Regional Modern: Stunning Innovations in Los Angeles

Los Angeles is home to some of the best modern and contemporary residential architecture in the USA, or even the world. This quality appears from a range of factors: the 72-and-sunny climate and so an embrace of outside living; the dramatic topography, notably the foothills that open to views of L.A.’s plains; a cosmopolitan urban landscape that invites single-family homes as far as apartments and vertical living; and naturally the money that pays for your homes, be it out of Hollywood or other regional industries.

Yet, such as Chicago, the residential climate can be influenced by historical modernists, notably Richard Neutra, R.M. Schindler, and Irving Gill. The last two characters are celebrated in Esther McCoy’s indispensable Five California Architects, which also includes Bernard Maybeck, and the Greene brothers.

Gill softly trailblazed simple unadorned forms before European modernists; R.M. Schindler articulated complex layering of surfaces and indoor and outdoor spaces; and Neutra utilized glass to open hillside homes to grand perspectives, putting L.A. itself on screen. More recently, Frank Gehry has left his mark on the city, affecting architects together with his sculptural designs.

This ideabook concentrates on L.A.’s homes removed from the Pacific Ocean, so another one will feature coastal homes. The inland residences that follow illustrate the several conditions that make L.A. a breeding ground for innovative architecture.

More regional modern structure:
Chicago | Boston | Austin | NYC | New York Metro | Oregon | Seattle | No. California | San Francisco

Belzberg Architects

What better way to start an ideabook on Los Angeles structure than a house that doubles as a location for seeing movies.This second-floor projection doubles as a cover for a seat, putting the car on screen as well. Yet neither screen might not have the ability to compete with the panoramic view to the best, what Reyner Banham called the”Plains of Id” in his classic book, Los Angeles: The Architecture of Four Ecologies.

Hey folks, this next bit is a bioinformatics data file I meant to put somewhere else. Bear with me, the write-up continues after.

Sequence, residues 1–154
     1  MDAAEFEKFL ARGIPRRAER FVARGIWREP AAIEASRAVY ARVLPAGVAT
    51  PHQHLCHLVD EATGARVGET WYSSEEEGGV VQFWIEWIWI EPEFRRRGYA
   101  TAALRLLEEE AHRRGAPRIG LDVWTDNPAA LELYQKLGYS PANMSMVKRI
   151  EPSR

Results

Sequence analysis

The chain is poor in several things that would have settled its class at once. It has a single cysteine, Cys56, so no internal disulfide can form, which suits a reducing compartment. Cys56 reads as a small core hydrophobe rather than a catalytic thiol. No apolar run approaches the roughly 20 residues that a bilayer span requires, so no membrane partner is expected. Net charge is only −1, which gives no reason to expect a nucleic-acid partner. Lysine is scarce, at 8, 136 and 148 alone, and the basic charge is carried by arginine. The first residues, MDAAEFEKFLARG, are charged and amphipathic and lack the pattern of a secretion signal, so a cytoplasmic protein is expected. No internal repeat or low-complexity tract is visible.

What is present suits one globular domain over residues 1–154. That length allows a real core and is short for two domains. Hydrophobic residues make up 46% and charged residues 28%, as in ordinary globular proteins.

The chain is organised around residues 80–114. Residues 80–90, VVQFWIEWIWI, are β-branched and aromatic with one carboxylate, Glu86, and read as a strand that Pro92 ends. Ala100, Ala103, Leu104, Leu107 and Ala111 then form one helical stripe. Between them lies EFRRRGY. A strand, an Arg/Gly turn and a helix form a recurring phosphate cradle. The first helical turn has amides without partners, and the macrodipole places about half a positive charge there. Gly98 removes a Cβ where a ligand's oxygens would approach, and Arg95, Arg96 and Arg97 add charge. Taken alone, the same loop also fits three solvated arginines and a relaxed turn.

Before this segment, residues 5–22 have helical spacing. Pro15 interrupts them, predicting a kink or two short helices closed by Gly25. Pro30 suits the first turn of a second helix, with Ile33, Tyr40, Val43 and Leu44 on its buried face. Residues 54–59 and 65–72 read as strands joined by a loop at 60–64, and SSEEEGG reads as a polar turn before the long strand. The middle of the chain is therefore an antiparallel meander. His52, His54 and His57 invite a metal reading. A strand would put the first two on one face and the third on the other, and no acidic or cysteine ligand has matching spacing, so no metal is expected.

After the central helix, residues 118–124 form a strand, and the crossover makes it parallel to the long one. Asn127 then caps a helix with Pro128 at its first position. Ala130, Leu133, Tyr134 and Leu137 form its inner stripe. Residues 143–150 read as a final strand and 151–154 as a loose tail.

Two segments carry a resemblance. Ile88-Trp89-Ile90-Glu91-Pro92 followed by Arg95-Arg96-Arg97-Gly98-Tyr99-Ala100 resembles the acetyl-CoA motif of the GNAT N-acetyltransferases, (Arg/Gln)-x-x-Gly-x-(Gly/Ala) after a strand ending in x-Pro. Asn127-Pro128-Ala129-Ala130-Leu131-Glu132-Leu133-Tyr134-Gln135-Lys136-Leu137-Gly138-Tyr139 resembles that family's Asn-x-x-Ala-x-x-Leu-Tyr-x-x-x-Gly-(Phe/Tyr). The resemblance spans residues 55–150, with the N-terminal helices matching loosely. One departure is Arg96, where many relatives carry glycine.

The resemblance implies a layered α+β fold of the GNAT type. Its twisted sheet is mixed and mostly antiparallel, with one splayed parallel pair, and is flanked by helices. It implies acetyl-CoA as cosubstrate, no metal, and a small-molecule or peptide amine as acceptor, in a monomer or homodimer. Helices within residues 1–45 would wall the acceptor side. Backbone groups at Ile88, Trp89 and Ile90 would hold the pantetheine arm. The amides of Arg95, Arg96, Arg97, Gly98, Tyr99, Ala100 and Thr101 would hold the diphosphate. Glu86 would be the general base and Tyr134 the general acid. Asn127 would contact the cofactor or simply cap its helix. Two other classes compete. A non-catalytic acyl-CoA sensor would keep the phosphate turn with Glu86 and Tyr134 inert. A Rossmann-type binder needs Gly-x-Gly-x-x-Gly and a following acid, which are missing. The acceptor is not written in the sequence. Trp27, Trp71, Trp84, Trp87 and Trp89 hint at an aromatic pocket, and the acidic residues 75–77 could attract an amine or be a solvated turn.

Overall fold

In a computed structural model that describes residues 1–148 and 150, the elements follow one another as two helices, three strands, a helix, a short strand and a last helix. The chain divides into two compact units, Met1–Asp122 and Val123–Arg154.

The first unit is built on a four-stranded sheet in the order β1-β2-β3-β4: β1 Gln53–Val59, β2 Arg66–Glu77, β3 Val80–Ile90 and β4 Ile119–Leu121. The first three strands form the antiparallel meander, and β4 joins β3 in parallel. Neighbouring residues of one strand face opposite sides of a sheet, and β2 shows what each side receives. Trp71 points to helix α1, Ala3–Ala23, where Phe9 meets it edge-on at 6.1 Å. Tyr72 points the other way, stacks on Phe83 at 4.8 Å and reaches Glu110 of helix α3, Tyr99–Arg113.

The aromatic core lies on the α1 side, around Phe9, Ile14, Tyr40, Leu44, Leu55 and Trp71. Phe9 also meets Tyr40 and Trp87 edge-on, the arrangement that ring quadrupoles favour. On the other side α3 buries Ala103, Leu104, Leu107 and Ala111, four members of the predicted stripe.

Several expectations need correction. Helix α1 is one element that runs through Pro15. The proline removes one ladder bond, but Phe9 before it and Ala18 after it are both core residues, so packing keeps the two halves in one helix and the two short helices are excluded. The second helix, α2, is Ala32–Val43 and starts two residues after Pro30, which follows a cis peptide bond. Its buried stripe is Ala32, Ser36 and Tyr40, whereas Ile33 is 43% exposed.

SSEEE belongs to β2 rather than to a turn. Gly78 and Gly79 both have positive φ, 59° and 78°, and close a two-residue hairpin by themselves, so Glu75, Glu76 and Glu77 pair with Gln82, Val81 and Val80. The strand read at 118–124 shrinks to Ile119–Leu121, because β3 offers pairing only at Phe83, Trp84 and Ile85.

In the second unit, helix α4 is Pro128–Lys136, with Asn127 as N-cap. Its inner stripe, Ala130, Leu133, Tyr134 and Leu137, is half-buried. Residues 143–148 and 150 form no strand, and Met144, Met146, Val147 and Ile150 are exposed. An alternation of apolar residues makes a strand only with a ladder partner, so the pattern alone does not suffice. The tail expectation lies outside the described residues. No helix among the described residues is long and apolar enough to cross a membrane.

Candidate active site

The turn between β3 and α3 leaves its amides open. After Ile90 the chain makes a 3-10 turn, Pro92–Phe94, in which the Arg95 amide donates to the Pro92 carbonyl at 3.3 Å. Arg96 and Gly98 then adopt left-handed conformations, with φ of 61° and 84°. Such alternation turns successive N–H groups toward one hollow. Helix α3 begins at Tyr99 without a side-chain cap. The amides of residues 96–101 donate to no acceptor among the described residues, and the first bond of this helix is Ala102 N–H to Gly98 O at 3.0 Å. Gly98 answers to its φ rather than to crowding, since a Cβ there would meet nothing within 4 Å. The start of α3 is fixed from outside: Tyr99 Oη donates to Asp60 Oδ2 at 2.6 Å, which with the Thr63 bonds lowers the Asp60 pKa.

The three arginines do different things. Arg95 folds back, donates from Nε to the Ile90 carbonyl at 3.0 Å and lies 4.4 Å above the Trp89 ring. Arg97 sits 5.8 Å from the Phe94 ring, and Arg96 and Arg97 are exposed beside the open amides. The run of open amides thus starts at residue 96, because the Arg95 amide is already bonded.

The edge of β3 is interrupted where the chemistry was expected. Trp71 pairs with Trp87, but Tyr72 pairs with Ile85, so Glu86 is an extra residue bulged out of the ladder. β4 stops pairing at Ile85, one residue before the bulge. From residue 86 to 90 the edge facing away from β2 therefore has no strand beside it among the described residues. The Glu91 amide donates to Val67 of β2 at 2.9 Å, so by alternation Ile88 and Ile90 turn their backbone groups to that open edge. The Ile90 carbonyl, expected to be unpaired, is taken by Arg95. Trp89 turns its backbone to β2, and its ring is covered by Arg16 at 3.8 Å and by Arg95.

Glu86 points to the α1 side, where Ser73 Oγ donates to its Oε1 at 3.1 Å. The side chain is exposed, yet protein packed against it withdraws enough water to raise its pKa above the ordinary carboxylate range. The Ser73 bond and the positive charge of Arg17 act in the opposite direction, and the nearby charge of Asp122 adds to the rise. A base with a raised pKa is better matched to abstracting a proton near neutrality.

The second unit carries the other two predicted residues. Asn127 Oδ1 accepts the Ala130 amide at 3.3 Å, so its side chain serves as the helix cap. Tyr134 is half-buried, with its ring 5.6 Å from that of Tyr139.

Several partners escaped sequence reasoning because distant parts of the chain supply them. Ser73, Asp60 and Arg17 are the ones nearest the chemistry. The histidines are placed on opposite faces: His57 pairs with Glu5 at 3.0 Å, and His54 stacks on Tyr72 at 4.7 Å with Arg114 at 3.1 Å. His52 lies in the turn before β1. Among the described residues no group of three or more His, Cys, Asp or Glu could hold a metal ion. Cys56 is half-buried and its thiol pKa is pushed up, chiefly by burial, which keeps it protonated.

Belzberg Architects

This residence by precisely the same architect indicates a similar opening of the house towards dramatic views. Yet here we see another strand of L.A.’s home structure: sculptural design influenced by another local architect, Frank Gehry. While he isn’t solely responsible for this particular facet of L.A.’s regional modernism, his unique mix of dynamic forms and affordable stuff was embraced by several younger architects.

Belzberg Architects

This house combines itself with the panoramic landscape and gifts a roofscape that formally responds to the same. Most striking are cantilevered portions that hit toward the Valley and create panoramic views through expansive glass facades.

Studio Pali Fekete architects [SPF:a]

In the road side, this big house is clearly delineated in three floors: a solid base built into the slope, a transparent middle, along with a wood-clad top floor with windows articulated for solitude and views. This front barely hints at what is happening on the opposite side of the house, which you’ll see next.

Studio Pali Fekete architects [SPF:a]

Wonderful panoramic views of this urban plain would be the result of the architect’s plan. Here we are in the middle, transparent floor, where butt-glazed glass onto the left along with a sliding glass wall to the right supply indoor and outdoor enjoyment of this L.A. experience.

Ehrlich Yanai Rhee Chaney Architects

1 architect clearly inspired by R.M. Schindler is Steven Ehrlich, whose carefully written volumes, surfaces, and openings also have influenced many younger architects. This massive house looks smaller by stepping away from the road and articulating the different floors. It’s modern yet tasteful.

Ehrlich Yanai Rhee Chaney Architects

At the rear the house is more spacious, orienting itself towards a pool, a standard element in several L.A. homes.